Chicken sneezing

Discussion in 'Emergencies / Diseases / Injuries and Cures' started by Brissychick, May 8, 2016.

  1. Brissychick

    Brissychick Out Of The Brooder

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    Jan 16, 2015
    I have a 15month old Rhode Island Red who presented with sneezing on the 28th April and she smelt horrible, had a rattle when she breathed and her comb and wattles were pale. She is just finishing up her first moult so they were not really red before the symptoms presented. Also she seems to be swallowing a lot more than normal.

    She had a course of antibiotics for 6 days. After 1 day the smell cleared up. She is still sneezing and still seems to swallow a lot. There are no other symptoms and she is eating a massive amount, drinking normally and scratching up her cage every couple of minutes. I think there is a little more colour in her comb and wattles.

    Should I keep her separated longer? Should I put her back on antibiotics to stop the sneezing or just let it run its course. She seems so healthy other than the sneezing day and night at the rate of 2-5 sneezes per hour.
     
  2. BeastyBird

    BeastyBird Out Of The Brooder

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    Nov 13, 2015
    What you said about the smell has me thinking you should look up Coryza in chickens, a key symptom is smelly nasal discharge.

    I quarantined a frizzle for a few days before returning it suspecting this was his issue. He would sneeze and is nose kept clogging up and it had a bad smell to it, otherwise he seemed fine. While his overall condition was pretty good I decided not to risk him as it is contagious and is something that a bird is carrier for for life.
     
  3. Brissychick

    Brissychick Out Of The Brooder

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    Jan 16, 2015
    Thank you so much for your reply. I think with your advice I will keep the flock as a closed flock and build a second coop when I want new birds. She would have infected the other six coop mates before I saw her so I guess the horse has bolted if she has Coryza. It sounds highly contagious, I'll go away and read some more. I really appreciate your views.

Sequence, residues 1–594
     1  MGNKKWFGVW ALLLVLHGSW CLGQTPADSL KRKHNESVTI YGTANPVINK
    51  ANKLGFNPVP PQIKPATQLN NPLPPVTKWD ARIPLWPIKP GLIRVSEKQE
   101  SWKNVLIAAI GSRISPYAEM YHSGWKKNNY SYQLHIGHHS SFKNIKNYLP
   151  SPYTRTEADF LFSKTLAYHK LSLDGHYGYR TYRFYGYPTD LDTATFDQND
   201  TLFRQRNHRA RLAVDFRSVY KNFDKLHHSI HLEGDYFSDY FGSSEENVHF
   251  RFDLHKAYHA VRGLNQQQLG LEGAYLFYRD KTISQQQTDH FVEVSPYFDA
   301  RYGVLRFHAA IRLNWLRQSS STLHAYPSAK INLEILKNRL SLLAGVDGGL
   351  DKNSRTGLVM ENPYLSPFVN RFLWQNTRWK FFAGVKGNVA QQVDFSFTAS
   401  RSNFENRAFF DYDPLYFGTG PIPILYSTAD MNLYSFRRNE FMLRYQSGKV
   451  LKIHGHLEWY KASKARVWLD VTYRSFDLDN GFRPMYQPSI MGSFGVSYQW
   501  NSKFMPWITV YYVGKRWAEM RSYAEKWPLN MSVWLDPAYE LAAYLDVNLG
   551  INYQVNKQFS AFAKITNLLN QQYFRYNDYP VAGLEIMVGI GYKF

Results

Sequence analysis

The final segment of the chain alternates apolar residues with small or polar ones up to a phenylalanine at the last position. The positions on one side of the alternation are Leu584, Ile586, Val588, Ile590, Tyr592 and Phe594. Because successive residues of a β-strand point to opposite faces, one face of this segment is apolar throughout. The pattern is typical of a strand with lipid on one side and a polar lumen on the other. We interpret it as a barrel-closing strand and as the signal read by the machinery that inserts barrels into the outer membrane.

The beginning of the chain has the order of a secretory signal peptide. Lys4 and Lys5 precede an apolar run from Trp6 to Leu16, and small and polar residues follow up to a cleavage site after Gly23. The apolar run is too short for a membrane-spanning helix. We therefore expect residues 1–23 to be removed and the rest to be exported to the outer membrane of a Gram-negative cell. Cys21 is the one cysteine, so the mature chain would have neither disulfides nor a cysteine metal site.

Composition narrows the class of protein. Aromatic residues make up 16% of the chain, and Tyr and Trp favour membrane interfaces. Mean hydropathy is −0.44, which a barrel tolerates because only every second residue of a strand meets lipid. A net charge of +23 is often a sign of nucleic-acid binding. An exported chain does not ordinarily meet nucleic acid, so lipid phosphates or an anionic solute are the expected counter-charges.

4. BeastyBird

    BeastyBird Out Of The Brooder

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    Nov 13, 2015
    Luckily if it is coryza it seems to be one of those diseases that is not often deadly and while chronic usually hangs around in a fairly mild form, so hopefully your birds are not doomed, it would infect any new birds though. But defiantly quarantine in the future, bare minimum of 3 weeks, 4 is better, 6 is best, and new birds should be kept a good distance from your flock (100 feet or more is best). There are a lot of nasty nasty things out there that can kill off an entire flock.
     
  5. Brissychick

    Brissychick Out Of The Brooder

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    Jan 16, 2015
    Thank you for taking the time to help me. It sounds like Coryza is not the worst thing to have. I purchased 2 new birds from a very good breeder I quarantined for the 3 weeks but they didn't show any signs of being sick so I introduced them. Next time it will be 6 weeks. I will definitely not introduce more birds to this flock. We will be moving at some stage soon and I will build another 3 or 4 coops and I will try to keep at least 100 feet apart.

    Do you know if my bird will ever lay again?

    The 2 new birds one of them is my best layer she is an araucana who lays for 8 days before having a 1 day break. I am floored by the number of lovely blue eggs she produces.
     

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